AMD buys computer chip rival Xilinx for $35b

NEW YORK — Advanced Micro Devices said on Tuesday it had struck a deal to buy computer chipmaking rival Xilinx in a $35 billion megadeal that consolidates the sector which is being transformed by the global pandemic.

The tie-up will help AMD ramp up its challenge to Intel for personal computer chips and broaden its portfolio to products for data centers, industrial systems and other sectors.

“The combination will create the industry’s leading high performance computing company, significantly expanding the breadth of AMD’s product portfolio and customer set across diverse growth markets where Xilinx is an established leader,” a statement said.

AMD revenue has climbed this year, with the COVID-19 pandemic fuelling demand for computers and video game consoles as people rely on the Internet to work, learn, and play more at home.

“Our acquisition of Xilinx marks the next leg in our journey to establish AMD as the industry’s high performance computing leader,” AMD Chief Executive Lisa Su said.

Under the agreement, Su will lead the combined company as CEO and Xilinx president and CEO Victor Peng, will join AMD as president responsible for the Xilinx business and strategic growth initiatives.

Xilinx, founded in 1984, is known for adaptive chip processing systems used in an array of industries including telecommunications, automotive and defence.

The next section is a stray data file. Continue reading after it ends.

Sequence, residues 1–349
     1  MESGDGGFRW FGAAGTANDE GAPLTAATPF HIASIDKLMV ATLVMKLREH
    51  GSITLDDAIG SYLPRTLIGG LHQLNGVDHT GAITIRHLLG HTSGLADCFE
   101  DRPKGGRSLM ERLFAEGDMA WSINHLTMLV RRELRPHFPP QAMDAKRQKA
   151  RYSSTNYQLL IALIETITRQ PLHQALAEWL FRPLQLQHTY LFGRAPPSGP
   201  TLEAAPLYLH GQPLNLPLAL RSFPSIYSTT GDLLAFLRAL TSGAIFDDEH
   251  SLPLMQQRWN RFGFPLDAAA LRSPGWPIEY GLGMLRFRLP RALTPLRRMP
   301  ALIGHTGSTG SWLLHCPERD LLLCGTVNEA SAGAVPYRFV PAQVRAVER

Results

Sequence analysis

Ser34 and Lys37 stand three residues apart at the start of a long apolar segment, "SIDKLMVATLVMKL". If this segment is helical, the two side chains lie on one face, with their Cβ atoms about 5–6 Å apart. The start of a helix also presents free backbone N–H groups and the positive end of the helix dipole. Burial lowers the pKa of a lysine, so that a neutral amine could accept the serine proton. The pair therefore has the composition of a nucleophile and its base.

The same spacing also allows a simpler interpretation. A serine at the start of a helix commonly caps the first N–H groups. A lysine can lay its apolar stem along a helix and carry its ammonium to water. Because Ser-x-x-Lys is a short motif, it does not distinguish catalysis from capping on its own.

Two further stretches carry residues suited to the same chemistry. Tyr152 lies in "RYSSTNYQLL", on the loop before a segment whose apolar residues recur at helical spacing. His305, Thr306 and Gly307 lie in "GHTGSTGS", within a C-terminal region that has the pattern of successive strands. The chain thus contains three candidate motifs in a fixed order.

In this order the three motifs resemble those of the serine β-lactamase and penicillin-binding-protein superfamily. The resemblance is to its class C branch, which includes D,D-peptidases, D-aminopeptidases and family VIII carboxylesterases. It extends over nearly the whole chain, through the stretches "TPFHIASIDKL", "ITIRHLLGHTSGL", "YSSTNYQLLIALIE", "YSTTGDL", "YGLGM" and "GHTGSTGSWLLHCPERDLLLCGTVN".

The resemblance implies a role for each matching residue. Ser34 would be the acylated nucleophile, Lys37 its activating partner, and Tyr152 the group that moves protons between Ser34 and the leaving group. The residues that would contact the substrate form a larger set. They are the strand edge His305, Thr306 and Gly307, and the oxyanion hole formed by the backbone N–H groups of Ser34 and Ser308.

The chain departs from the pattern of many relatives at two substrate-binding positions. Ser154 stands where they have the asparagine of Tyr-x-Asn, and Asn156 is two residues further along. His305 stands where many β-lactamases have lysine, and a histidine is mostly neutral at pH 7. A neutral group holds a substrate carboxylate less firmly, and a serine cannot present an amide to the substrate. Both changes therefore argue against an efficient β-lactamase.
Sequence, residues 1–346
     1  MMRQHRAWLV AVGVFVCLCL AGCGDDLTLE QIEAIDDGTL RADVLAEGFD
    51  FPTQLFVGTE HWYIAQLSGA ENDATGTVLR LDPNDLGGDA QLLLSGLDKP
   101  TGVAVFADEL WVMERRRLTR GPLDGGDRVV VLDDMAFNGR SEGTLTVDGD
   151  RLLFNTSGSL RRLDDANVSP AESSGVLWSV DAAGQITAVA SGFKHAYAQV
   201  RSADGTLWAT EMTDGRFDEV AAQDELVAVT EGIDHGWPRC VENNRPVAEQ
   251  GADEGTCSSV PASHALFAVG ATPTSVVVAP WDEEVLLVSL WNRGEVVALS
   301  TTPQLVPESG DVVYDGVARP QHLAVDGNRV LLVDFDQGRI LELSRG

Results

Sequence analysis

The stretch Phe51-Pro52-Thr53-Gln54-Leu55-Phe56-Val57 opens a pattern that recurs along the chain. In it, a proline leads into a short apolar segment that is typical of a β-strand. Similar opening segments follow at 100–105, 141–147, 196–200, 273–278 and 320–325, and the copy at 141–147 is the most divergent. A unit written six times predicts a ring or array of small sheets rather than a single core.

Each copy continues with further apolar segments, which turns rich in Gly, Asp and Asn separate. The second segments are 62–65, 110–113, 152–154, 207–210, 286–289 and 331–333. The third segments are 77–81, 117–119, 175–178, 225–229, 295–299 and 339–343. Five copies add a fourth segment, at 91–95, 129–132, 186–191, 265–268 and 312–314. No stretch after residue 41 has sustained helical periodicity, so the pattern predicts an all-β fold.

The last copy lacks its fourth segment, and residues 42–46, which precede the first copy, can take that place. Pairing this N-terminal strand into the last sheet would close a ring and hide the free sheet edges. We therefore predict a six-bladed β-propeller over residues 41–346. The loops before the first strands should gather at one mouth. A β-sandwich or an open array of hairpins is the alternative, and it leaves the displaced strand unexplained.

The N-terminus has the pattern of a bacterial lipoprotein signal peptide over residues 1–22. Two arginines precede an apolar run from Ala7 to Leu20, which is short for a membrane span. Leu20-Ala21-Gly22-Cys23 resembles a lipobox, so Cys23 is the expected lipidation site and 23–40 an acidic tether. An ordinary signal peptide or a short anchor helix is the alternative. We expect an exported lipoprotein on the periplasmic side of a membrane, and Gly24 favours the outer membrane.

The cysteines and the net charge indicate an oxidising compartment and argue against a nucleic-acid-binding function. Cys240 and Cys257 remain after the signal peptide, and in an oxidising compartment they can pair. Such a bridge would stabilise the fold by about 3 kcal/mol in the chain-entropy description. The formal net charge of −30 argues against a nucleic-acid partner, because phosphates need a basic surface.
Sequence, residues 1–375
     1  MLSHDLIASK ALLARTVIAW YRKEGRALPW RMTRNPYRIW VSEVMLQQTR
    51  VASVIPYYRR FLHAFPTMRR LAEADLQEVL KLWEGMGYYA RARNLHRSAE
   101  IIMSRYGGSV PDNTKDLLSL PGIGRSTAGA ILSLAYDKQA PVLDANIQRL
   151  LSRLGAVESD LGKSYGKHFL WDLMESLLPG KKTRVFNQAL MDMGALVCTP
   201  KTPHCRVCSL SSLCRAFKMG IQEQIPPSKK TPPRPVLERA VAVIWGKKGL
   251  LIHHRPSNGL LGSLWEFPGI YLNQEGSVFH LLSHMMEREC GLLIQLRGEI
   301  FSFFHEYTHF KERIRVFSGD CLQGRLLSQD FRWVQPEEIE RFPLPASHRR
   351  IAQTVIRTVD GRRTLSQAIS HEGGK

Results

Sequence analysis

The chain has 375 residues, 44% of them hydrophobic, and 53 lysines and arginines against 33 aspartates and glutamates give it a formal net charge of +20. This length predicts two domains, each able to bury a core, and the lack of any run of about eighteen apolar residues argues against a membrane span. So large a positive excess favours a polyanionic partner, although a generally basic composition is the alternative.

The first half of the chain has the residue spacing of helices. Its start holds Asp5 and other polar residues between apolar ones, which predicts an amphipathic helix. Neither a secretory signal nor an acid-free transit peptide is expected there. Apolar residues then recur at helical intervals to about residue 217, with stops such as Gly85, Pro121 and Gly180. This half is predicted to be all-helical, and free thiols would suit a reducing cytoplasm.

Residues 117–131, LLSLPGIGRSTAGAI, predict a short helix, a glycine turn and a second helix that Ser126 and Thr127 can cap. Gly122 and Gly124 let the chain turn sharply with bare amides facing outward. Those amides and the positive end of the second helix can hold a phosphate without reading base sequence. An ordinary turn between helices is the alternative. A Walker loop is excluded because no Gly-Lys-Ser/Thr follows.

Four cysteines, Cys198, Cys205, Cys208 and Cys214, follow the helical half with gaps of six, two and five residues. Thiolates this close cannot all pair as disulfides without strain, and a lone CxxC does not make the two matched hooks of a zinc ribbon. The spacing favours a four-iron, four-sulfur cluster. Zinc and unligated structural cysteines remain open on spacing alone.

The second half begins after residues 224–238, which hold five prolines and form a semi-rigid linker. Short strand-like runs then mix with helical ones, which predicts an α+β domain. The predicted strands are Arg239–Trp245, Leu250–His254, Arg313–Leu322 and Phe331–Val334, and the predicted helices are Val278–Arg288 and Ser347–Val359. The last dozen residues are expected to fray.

The deal follows another blockbuster tie acquisition by US-based Nvidia for British-based Arm, the dominant player in mobile chipmaking.

The combined AMD-Xilinx with create a company with an enterprise value of some $135 billion and 13,000 engineers.

California-based AMD separately reported its third quarter profit more than tripled from a year ago to $390 million as revenue grew 56 per cent to $2.8 billion.

The company saw growth in chips for computer gaming graphics applications and in its Ryzen chips for personal computers.

AMD said it sees ongoing momentum and growth in revenue of around 40 per cent for 2020.

The acquisition of Xilinx could bolster AMD as the industry seeks processors for new 5G technologies such as automated driving systems and for artificial intelligence for systems being developed by giants like Google, Amazon, Microsoft or Samsung for cloud computing and data centers.

The deal “is not coming out of weakness for AMD, it’s coming out of strength”, said Patrick Moorhead of Moor Insights and Strategy in a Six Five podcast.

The deal has been approved by boards of both firms and the companies expect regulatory approval sometime next year.

AMD shares slipped four per cent in premarket trade on the news while Xilinx rose 10 per cent.

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